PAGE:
Tuesday, February 21, 2012

Is a Muslim democracy growing in Tunisia?

Said Ferjani of Enhanahda. (Gianni Cipriano)
This weekend I read an article that gives me hope for seeing democracy flourish in the new middle East. It was all about one of the leaders of Ennahda, the Islamist party that now governs Tunisia. His name is Said Ferjani and he has some theories about democracy that he wants to put into practice.

At first, the story sounded eerily familiar: Islamic agitator is captured and tortured by brutal regime, escapes to spend his exile in London, then returns after a revolution to join a Muslim uprising. Yikes! But this man actually broadened his horizons while living in England, unlike our favorite Ayatolla who seemed to pull further into himself during his own exile and returned more stringent than ever.

Mr. Ferjani is saying things that make me hopeful:
“I can tell you one thing, we now have a golden opportunity. And in this golden opportunity, I’m not interested in control. I’m interested in delivering the best charismatic system, a charismatic, democratic system. This is my dream.”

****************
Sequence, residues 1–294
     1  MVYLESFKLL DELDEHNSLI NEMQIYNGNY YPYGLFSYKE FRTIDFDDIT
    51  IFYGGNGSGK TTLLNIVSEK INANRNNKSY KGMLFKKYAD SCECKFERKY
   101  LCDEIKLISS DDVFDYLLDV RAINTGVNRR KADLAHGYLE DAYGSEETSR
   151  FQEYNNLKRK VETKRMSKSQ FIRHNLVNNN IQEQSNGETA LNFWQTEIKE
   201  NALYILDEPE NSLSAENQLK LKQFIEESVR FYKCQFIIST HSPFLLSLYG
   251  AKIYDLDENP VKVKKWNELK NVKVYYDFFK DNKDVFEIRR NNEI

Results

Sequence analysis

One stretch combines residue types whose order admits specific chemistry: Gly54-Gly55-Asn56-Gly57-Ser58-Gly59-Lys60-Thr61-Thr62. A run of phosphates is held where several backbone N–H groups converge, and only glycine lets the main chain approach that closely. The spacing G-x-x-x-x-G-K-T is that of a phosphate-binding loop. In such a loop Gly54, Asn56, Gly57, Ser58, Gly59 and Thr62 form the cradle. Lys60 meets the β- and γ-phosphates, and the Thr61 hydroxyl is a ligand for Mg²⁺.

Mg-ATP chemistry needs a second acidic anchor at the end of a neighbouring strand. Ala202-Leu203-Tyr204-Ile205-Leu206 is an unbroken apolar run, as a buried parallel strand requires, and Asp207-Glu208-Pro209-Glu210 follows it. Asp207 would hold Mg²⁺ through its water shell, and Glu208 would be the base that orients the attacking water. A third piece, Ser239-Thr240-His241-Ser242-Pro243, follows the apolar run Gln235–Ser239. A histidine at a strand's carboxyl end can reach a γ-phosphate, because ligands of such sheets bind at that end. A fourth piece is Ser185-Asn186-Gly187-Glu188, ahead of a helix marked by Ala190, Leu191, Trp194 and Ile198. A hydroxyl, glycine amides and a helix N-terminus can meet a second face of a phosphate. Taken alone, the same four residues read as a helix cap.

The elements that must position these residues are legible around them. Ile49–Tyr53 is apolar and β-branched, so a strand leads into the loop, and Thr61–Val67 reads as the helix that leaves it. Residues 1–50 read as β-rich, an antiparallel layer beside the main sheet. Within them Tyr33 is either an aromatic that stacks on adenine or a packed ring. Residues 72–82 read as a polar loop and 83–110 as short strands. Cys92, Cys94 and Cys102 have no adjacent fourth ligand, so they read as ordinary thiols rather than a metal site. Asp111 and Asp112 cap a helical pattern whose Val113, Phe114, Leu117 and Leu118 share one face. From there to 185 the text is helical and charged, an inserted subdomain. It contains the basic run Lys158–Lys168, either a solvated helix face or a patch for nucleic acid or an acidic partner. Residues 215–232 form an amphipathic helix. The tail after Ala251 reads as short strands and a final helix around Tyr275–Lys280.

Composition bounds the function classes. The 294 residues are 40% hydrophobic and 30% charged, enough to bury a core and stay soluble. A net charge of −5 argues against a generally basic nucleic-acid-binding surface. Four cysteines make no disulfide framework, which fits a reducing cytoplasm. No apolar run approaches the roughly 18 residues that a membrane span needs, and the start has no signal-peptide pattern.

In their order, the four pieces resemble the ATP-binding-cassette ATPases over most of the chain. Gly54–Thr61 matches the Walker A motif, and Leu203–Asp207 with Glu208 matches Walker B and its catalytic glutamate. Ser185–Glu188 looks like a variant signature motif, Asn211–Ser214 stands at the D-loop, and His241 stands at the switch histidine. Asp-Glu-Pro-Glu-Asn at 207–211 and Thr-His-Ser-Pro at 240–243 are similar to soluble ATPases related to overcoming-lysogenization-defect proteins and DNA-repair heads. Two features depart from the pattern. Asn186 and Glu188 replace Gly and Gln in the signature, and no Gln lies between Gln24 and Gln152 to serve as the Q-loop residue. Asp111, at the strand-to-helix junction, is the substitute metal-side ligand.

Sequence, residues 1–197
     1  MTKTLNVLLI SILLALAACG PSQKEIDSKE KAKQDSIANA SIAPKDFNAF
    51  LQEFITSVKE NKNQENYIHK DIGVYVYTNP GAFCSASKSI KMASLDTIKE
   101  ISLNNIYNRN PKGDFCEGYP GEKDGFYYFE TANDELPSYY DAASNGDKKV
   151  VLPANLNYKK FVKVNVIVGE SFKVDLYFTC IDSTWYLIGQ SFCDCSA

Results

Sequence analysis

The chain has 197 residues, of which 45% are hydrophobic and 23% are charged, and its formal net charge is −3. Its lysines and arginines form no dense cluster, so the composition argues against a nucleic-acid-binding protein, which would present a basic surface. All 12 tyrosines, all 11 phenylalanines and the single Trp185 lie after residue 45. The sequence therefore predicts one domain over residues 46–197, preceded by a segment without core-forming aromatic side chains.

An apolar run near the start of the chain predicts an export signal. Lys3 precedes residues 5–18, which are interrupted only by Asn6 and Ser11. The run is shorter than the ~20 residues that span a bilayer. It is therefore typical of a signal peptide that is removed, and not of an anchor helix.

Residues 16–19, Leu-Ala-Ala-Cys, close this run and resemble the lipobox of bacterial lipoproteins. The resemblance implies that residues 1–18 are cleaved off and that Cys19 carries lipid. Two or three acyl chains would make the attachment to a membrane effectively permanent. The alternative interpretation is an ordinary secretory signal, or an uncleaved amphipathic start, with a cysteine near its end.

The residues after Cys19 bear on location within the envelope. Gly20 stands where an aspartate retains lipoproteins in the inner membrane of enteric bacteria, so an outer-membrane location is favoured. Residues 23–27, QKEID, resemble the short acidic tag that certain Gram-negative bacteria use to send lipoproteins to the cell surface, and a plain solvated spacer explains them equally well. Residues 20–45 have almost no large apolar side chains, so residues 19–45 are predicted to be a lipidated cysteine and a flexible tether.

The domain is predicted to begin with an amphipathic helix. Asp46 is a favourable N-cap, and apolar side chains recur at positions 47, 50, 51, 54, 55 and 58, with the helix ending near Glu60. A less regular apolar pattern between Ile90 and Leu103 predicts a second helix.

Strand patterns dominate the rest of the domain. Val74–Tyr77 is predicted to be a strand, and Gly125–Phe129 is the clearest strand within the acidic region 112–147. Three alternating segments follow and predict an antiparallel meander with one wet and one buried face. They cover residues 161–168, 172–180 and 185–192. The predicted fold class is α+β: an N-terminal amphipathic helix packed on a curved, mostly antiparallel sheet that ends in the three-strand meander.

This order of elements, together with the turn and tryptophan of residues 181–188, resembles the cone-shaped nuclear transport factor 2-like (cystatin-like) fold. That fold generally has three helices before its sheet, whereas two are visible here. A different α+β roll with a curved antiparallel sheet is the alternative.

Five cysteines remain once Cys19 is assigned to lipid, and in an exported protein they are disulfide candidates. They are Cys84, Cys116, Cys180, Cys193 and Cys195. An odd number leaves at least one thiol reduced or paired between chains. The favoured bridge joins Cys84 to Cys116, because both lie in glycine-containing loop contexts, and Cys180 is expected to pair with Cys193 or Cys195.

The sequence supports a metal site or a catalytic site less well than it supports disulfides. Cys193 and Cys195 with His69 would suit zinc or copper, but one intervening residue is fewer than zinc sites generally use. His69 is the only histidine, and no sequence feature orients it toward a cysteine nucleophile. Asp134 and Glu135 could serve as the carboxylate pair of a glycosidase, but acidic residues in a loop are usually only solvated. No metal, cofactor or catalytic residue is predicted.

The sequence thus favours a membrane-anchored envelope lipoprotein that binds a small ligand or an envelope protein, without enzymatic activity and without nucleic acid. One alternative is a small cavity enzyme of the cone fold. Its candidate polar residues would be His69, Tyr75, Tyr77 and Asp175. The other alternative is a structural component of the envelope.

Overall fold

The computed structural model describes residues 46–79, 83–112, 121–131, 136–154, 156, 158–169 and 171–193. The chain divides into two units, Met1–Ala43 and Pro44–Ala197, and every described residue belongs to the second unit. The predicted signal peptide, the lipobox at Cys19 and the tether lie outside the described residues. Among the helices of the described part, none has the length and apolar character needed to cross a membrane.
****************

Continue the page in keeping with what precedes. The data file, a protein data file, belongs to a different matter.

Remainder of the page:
“Read, read, read, read. Even when I walked, I read.”  (I can relate to that)
“Everybody has to be careful not to be dragged into a dictatorial instinct, no matter what happens. We can’t lose the soul of our revolution.”

He is a student of Rashid al-Gannouchi who is bent on increasing the democracy in Tunisia's Muslim government: Mr. Ghannouchi, his own thoughts evolving in exile, became an early proponent of a more inclusive and tolerant Islamism, arguing a generation ago that notions of elections and majority rule were universal and did not contradict Islam. Early on, he supported affirmative action to increase women’s participation in Parliament.
He gives his mentor credit: “Frankly, the guy who brought democracy into the Islamic movement is Ghannouchi.”

It all sounds great to me but what power does this man have in Tunisia's new government? And how long will he continue to espouse democratic principles once he tastes the power?
“We don’t fear freedom of expression, but we cannot allow disorder,” he said. “People have to be responsible. They have to know there is law and order.”
He suggested that protesters should obtain permission from the police. He worried that the news media was too reckless.

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